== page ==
Thursday, October 20, 2011

Lessons in Love and Lobster Stock

I grew up with a Mom who makes the best chicken soup in the world. This chicken soup chases away the winter chill and cures colds. It provokes a happy dance when I find a container tucked away in the freezer and whatever else I might have had planned for dinner goes out the window. A couple of winters ago I caught a nasty cold and was just miserable. With bleary eyes and a Cathy Moriarty voice, ensconced in a tissue empire on the couch, I begged my husband to call my Mom and ask her for the recipe for her soup. He rolled his eyes but he dutifully called her and he tried to re-create it, but he ended up doing things just a bit too much his own way. A few days later when I was feeling better, I phoned Mom and said, "well, he really loves me to go to all that trouble; but between you and me, Mom, it just wasn't the same." With hot buttered toast made with fresh bread from Parziale's,  I'm pretty sure this soup could inspire world peace. You just cannot be mad when you have a mouthful of that rich, golden broth. It's all because Mom makes her own chicken stock.
Mom & Grammie; 1970s
Why does Mom make her own stock? The foodies among us would say "because it tastes fantastic!" and that's certainly true. But I'd say it's more because she learned this important lesson from her mother, "waste not; want not." It's that simple. My grandmother was born the fourth of six children. She was helping to care for her youngest brother and sister by the time she was six years old. Grammie left her family home in England to elope with her husband and move to America when she was in her very early twenties. It certainly wasn't the land of milk and honey for them. They lived a very frugal life in a small apartment in the Bronx. In order to be able to continue to put food on the table during lean years Grammie certainly knew well how to stretch a meal.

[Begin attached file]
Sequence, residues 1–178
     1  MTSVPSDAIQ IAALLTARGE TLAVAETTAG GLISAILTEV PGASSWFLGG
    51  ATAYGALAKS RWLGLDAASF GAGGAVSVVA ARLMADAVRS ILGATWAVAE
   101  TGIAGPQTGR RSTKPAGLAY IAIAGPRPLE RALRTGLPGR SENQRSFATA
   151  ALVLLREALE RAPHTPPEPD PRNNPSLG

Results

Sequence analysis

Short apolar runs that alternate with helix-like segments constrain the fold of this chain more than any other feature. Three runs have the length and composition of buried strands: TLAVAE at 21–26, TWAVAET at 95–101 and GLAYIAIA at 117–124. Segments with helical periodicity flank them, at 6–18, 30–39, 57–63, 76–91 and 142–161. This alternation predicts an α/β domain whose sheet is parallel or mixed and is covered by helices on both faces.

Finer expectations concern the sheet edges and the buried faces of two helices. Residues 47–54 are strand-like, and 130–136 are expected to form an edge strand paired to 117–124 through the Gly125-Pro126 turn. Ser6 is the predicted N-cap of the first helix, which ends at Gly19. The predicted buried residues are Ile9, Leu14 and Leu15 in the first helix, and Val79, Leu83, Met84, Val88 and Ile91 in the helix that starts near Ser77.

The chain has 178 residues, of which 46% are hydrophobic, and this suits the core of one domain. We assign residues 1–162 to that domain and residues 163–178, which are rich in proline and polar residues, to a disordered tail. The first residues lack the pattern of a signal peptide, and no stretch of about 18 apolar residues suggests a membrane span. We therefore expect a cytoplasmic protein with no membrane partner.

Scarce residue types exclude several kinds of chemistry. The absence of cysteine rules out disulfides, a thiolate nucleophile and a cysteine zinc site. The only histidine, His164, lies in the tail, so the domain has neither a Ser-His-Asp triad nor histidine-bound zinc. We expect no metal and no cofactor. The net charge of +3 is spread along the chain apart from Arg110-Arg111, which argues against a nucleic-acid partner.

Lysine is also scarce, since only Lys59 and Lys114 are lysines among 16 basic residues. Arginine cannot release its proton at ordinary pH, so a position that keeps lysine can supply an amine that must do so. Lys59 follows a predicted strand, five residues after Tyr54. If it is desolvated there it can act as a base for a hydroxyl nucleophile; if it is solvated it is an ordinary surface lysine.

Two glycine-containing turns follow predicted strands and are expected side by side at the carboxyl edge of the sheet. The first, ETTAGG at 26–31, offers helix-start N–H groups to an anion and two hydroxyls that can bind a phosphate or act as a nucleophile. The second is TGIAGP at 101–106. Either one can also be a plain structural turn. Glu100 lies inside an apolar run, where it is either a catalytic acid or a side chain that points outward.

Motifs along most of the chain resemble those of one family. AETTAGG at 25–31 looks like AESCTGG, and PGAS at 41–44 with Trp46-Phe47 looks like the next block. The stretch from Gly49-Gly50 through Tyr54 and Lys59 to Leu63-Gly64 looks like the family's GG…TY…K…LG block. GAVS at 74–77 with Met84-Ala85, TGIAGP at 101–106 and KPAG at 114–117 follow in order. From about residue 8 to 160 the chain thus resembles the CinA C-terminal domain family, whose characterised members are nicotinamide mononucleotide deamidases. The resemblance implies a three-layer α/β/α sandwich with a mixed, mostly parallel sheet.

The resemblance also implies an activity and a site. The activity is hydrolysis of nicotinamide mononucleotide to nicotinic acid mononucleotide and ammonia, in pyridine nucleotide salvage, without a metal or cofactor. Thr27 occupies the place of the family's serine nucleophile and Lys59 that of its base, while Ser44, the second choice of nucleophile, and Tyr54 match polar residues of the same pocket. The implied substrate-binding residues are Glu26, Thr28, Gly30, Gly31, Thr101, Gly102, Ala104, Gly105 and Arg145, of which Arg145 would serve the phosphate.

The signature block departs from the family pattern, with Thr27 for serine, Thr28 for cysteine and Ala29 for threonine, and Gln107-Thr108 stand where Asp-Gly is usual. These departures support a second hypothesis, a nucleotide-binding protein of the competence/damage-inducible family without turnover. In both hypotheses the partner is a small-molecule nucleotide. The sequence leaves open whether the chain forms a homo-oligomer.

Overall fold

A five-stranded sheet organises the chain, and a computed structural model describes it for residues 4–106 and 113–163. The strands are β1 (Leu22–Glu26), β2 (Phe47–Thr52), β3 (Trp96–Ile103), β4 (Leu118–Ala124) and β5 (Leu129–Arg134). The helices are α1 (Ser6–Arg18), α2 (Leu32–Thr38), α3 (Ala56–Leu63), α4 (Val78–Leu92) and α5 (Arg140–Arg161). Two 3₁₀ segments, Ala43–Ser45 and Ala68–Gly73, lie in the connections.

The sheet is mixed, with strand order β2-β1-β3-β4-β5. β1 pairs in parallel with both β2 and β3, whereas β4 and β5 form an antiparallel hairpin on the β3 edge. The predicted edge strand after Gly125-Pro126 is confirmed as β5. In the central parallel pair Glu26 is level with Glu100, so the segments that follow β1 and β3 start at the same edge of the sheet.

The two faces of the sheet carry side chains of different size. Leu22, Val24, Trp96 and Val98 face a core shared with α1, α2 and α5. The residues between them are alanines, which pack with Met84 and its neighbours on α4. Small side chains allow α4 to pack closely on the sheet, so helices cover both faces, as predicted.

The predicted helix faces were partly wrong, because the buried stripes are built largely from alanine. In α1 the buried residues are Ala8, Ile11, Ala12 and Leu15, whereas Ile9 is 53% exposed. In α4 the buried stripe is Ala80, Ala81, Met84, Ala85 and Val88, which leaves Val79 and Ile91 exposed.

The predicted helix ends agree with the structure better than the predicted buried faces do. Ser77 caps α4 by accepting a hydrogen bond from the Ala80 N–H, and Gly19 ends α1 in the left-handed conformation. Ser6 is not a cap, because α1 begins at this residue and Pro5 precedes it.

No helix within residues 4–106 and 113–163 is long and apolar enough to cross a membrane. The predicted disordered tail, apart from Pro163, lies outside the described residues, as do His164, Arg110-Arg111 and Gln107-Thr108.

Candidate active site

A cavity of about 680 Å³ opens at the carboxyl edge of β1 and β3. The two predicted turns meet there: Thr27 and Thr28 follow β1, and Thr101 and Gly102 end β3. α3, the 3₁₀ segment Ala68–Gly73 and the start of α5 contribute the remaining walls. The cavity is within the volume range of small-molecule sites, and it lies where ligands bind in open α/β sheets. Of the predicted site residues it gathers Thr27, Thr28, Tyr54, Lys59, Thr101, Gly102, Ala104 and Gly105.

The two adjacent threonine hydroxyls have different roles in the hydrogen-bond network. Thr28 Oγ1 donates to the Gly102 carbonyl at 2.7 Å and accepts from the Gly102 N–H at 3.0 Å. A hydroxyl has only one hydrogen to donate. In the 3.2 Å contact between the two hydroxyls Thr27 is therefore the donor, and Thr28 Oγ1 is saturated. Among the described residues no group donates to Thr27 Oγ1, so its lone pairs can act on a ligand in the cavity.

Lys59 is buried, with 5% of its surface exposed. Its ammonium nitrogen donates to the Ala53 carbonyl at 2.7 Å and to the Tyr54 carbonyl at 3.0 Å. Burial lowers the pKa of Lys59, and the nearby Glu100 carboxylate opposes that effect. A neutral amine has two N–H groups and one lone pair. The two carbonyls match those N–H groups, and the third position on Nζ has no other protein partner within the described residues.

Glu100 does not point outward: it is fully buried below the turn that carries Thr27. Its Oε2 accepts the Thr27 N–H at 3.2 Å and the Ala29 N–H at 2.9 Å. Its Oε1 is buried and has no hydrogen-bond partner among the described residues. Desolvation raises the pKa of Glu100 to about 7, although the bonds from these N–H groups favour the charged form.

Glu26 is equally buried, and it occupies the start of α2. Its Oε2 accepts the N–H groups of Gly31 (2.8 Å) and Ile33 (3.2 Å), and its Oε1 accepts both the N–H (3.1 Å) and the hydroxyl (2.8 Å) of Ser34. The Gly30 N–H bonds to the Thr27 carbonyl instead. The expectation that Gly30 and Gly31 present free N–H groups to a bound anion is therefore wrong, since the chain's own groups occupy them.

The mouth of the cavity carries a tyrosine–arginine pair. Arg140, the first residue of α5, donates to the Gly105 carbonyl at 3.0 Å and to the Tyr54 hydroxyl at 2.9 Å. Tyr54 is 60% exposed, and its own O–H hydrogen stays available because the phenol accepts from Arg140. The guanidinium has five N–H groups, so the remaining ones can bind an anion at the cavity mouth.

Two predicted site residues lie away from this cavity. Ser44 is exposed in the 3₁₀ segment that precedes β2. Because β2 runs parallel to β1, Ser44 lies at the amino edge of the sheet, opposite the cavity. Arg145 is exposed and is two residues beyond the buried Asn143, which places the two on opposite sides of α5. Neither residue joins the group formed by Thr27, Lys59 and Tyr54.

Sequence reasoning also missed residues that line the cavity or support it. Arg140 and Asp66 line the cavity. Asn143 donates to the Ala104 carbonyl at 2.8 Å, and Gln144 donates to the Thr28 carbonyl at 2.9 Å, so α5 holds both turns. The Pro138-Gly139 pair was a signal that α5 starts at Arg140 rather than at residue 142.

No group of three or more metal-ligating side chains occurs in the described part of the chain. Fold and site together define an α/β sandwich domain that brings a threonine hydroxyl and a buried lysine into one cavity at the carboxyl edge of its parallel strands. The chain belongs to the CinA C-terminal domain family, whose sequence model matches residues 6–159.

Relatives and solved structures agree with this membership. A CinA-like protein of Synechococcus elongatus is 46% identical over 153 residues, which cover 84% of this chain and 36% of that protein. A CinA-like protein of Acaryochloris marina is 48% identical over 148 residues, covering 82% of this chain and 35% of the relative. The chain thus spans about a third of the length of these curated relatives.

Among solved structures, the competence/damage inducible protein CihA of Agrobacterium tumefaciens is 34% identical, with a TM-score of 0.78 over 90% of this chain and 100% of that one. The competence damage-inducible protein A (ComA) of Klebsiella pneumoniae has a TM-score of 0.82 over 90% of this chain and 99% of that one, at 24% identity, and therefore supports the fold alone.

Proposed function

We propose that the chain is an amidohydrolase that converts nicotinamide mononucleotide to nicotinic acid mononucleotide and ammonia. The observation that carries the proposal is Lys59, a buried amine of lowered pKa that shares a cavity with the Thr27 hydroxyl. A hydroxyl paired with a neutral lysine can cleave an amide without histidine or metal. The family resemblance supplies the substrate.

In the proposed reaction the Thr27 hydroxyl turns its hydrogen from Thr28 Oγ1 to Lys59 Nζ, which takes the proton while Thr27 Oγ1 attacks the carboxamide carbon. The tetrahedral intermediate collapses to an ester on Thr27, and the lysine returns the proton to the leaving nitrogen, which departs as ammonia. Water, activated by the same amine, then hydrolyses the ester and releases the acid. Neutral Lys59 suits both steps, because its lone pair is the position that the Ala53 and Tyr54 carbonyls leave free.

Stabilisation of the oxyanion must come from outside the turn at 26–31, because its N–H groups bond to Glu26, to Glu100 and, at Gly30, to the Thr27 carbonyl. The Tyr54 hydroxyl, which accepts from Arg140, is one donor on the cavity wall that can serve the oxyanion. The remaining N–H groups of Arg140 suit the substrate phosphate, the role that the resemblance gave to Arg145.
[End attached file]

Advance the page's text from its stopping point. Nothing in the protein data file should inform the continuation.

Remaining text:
As the title suggests, this post isn't really about chickens, but when your mother shows up at your door to gift you with lobster you don't just tear off the claws and tail and throw the rest in the trash. No, when you keep a copy of a photo (above) on your fridge as a constant reminder of the two women who first taught you how to cook, and taught you with the most love, you honor the way they taught you to respect your ingredients and to manage your kitchen finances. And how do you honor them? By squeezing every last little bit you can out of those lobsters! And so, in honor of my first culinary instructor, and in honor of her first culinary instructor, here is a recipe for lobster stock so that you too may make the most out of your next lobster meal at home:

Lobster Stock - makes about 2 quarts
shells from 2-4 lobsters
1T butter
1T tomato paste
2T Marsala wine
1 medium onion, diced
1 celery stalk, diced
1 carrot, diced
1 small bunch parsley, rinsed well
1 bay leaf
6 peppercorns, whole
1 lemon wedge

Melt the butter in a stockpot and add the shells. Saute for a couple of minutes and add the onion, carrot, and celery. Sweat the vegetables until just beginning to turn translucent and add the tomato paste. Deglaze the pan with the marsala. Add the parsley, lemon juice and spent wedge, bay leaf and peppercorns and cover with water. Bring to a simmer (try not to let it boil) and cook, covered, about one hour.

Strain through a colander into storage containers and discard solids. This stock is the perfect base for a whole host of lobster and fish recipes. Store in pint containers and freeze until needed (up to two months).

Stay tuned for my lobster bisque and seared scallops with lobster sauce!

And Mom?

Thank you.


  1. I love being frugal (or a smart cook), I save my shrimp shells, ends of celery and carrots, peels, chicken bones, etc. in my freezer to make stock. I learned this from my mom and my grandma. I haven't ever made lobster stock, I'm bookmarking this and saving my lobster shells.

  2. I loved the story and love the sounds of the stock! Thanks for sharing :-)

  3. Ok, so I'm not a lobster fan, but I love the tribute and the inspiration in this post.

  4. So enjoyed this post and cheers to your Mum and your Mum's Mum. That is so precious, to be taught by them both. What a way to honour them with this lobster stock. Fabulous! Cheers also to no more nasty colds this winter (although not so sure - that soup sounded delicious!)

  5. It's moment like these that I hate being allergic to shellfish.

  6. I'm with grubarazzi - I love seafood, but I'm allergic! I make my own chicken stock and I waste NO part of the bird. I also use washed peels from vegetables. It makes delicious stock....

    I loe the picture of your mother and her mother....a real keeper! New follower on Google Follower!

  7. that stock looks so rich I'd want to drink it straight! But I would save a little for the lobster bisque; that's my favorite soup


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